Kuala Lumpur: Mainly Muslim Malaysia has legalised sports betting, the company acquiring the new licence said Thursday, saying it would curb illegal gambling and boost government coffers.
Ascot Sports, a company controlled by influential tycoon Vincent Tan, has been granted a licence that will allow it to offer odds in time for the hugely popular English Premier League season.
"Ascot Sports has been re-issued the sports betting licence by the Ministry of Finance which was first issued in 1987," gaming group Berjaya - of which Tan is a major shareholder - said in a statement.
Berjaya, a conglomerate with holdings ranging from lottery to casino operations, will acquire a 70 percent stake in Ascot Sports by paying Tan 525 million ringgit (164 million dollars)
The 1987 permit was quickly rescinded and an attempt to revive it several years ago failed because of opposition to gambling, which is forbidden in Islam.
Berjaya said that legalising sports betting will curb illegal bookmaking and bring huge revenues to the government.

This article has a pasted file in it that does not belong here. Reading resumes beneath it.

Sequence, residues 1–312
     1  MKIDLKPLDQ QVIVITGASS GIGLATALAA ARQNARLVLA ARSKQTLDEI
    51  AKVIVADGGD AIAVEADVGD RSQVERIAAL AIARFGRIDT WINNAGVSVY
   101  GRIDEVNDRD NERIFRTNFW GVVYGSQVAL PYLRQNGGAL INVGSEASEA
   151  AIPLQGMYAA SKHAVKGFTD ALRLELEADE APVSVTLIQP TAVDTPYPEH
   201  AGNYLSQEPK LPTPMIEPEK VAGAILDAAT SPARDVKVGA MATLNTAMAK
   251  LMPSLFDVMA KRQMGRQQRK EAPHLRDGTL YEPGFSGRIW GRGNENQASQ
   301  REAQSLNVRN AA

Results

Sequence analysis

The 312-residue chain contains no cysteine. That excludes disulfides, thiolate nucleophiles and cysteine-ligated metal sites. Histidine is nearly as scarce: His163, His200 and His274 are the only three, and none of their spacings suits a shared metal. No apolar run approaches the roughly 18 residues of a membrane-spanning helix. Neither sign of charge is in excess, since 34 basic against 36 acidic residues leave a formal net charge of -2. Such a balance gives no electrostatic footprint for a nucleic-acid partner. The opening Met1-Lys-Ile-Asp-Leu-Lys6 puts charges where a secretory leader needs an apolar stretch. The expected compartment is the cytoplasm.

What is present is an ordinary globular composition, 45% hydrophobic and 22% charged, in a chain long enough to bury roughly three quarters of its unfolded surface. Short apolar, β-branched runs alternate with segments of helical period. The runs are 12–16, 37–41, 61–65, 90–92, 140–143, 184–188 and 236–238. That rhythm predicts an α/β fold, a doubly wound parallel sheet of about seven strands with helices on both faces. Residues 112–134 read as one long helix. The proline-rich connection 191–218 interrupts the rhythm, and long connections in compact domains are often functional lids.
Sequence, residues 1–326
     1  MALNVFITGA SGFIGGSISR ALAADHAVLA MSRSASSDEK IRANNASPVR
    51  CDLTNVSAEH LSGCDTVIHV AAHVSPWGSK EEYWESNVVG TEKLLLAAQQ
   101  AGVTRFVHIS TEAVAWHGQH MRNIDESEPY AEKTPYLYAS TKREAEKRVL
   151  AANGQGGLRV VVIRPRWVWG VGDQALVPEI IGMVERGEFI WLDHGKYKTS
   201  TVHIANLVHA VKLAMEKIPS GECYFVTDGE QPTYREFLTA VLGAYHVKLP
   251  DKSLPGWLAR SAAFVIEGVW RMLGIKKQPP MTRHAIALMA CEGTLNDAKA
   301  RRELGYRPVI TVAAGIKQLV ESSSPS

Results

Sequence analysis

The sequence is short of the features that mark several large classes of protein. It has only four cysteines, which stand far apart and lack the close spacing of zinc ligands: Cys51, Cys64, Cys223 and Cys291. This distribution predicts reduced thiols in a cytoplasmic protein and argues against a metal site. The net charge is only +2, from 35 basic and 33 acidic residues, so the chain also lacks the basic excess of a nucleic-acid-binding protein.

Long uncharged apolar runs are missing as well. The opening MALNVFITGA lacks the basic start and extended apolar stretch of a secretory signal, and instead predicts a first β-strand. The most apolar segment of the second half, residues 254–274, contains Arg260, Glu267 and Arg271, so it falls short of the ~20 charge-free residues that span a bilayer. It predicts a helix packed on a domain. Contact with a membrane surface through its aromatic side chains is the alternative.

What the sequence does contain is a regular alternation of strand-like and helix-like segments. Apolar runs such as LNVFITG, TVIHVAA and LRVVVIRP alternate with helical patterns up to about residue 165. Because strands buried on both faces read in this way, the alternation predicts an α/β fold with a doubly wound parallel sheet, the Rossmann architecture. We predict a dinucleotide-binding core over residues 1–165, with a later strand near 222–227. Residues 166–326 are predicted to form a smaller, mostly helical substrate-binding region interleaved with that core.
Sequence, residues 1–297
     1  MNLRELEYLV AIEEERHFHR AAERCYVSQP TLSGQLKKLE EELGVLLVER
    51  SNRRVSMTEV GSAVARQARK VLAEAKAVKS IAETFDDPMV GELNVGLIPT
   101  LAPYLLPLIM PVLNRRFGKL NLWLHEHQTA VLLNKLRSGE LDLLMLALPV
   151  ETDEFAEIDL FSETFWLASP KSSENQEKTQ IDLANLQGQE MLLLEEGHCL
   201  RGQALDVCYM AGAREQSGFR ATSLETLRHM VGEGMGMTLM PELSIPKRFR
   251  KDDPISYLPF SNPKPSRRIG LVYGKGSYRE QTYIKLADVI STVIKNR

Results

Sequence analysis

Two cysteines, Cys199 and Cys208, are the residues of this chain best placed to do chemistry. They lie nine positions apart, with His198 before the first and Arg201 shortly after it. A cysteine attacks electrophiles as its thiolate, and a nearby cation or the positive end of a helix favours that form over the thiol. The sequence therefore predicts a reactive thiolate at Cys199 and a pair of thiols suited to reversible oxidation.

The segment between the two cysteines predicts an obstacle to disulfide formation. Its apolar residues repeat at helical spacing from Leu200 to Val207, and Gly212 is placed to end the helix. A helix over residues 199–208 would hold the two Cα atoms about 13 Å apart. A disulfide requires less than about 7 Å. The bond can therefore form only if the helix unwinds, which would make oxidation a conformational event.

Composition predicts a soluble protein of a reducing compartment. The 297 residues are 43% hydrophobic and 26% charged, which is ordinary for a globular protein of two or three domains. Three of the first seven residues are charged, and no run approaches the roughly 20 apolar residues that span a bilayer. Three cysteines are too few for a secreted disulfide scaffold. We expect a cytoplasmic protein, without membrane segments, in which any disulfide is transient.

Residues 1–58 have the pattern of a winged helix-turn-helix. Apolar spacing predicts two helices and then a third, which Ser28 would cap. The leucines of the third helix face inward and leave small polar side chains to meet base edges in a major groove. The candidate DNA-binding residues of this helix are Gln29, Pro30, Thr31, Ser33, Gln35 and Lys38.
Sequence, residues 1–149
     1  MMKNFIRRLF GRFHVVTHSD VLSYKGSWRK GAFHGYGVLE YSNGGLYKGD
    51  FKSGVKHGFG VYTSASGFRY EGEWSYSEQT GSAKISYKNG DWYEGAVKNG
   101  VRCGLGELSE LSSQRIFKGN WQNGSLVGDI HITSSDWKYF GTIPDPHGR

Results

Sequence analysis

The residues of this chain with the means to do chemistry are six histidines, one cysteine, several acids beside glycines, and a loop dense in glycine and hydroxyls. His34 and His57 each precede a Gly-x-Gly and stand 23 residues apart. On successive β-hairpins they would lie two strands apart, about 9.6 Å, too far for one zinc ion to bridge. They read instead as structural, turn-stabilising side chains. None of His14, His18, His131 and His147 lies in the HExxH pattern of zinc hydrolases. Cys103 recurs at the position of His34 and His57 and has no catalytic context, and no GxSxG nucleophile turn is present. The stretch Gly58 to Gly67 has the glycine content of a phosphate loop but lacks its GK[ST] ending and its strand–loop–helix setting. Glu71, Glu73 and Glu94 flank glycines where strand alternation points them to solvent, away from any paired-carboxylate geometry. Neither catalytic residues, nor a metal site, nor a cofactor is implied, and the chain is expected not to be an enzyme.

"By some estimates, the illegal sports betting market in Malaysia is thought to be as much as 20 billion ringgit per annum," it said.
"This represents a tremendous loss of tax revenue to the Government which Ascot Sports hopes to be able to mitigate."
The company will launch products based on internationally popular sporting events including football, basketball, motor racing, tennis and golf.
"Ascot Sports will also offer telephone betting convenience and only adults above 21 years old and non-Muslims will be allowed to open a telephone betting account," Berjaya said.
Malaysia's conservative Islamic party is among the groups that have criticised plans to award the sports gambling licence, which they fear could promote betting and increase debt.